The Kalman filter requires a *process model* and an *observation model*, encoding the assumed evolution of the state between time steps and the relationship between the state and the filter measurements, respectively [28]. Application of the filter to real-time visual SLAM is well documented (see, e.g., [2], [29], and [6]); we, therefore, provide only a brief outline here. We assume a constant position model for the camera motion, i.e., a random walk, and since we are dealing with a static scene, this gives the following process model:
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$${\bf x}^{\rm new} ={\bf f}({\bf x},{\bf w})=[\Delta {\bf q}({\bf w}_\omega)\otimes{\bf q},{\bf t}+{\bf w}_\tau,{\bf m}]^T \eqno{\hbox{(1)}}$$where **w** = [**w**_ω,**w**_τ]^{T} is a 6-D noise vector, assumed to be from **N**(0,**Q**), Δ**q**(**w**_ω) is the incremental quaternion corresponding to the Euler angles defined by **w**_ω, and ⊗ denotes quaternion multiplication. Note that the map parameters are predicted to remain unchanged (we assume a static scene) and that the nonadditive noise component in the quaternion part is necessary to give an unbiased distribution in rotation space.

At each time step, we collect a set of measurements from the next frame obtained from the camera, **z** = [**z**_{1},**z**_{2},…]^{T}, where, in general, each **z**_{i} will be related to the state via a separate measurement function, i.e., **z**_{i} = **h**_{i}(**x**,**e**), where **e** is a multivariate noise vector from **N**(0,**R**). For example, when mapping point features, the measurements are assumed to be corrupted 2-D positions of projected points and for the *i* th measurement
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$${\bf h}_i({\bf x},{\bf e})=\Pi({\bf y}({\bf v},{\bf m}_j))+{\bf e}_i \eqno{\hbox{(2)}}$$where **m**_{j} is the 3-D position vector of the point associated with the measurement **z**_{i},**y**(**v**,**m**_{j}) denotes this position vector in the camera coordin ate system, Π denotes pinhole projection for a calibrated camera, and **e**_{i} is a 2-D noise vector from **N**(0,**R**_{i}).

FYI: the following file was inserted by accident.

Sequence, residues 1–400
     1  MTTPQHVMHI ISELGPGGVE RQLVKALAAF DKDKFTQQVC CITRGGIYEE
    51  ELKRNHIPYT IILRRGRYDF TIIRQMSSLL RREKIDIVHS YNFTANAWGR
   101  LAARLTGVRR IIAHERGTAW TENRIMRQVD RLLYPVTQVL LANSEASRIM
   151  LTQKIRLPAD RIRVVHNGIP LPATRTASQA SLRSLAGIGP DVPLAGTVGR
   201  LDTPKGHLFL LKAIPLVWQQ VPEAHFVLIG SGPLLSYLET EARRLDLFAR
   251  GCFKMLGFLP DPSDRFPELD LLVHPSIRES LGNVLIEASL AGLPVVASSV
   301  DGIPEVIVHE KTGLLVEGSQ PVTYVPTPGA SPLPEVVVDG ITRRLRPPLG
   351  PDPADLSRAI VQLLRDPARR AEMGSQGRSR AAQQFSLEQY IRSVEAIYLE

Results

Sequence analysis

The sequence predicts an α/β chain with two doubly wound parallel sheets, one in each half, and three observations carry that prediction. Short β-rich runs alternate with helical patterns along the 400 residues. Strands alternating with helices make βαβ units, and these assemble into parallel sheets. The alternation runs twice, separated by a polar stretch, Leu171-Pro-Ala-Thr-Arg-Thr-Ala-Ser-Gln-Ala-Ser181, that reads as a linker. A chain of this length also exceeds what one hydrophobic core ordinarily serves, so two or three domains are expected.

Application of the filter at each time step gives mean and covariance estimates for the state based on the process and observation models. Both of these are nonlinear, and thus, we use the extended Kalman filter (EKF) formulation, in which updates are derived from linear approximations based on the Jacobians of **f** and **h**_{i}[28]. The role of the covariances within the filter is critical. Proper maintenance ensures that updates are propagated among the state elements, particularly the structural components, which are correlated through their mutual dependence on the camera pose [30], [31]. This ensures consistency and stability of the filter. Propagation of the state covariance through the observation model also allows for better data association, constraining the search for image features. As discussed next, it is therefore crucial to ensure that covariances are properly maintained for a successful filter operation.

### B. Augmenting and Collapsing the State

We adopt a bottom-up process in order to incorporate higher level structure into a map. This works as follows. Given a map populated by isolated lower level features, we seek subsets that support the existence of higher level structure such as lines or surfaces. With sufficient support, a parameterization of the higher level feature is then augmented to the state with an initial estimate derived from the supporting features. Subsequently, lower level features consistent with the parameterization are linked to that feature and transformed according to the constraint that it imposes. This results in a collapsing of the state space, reducing redundancy. Details of how this is achieved in practice are given in Section III.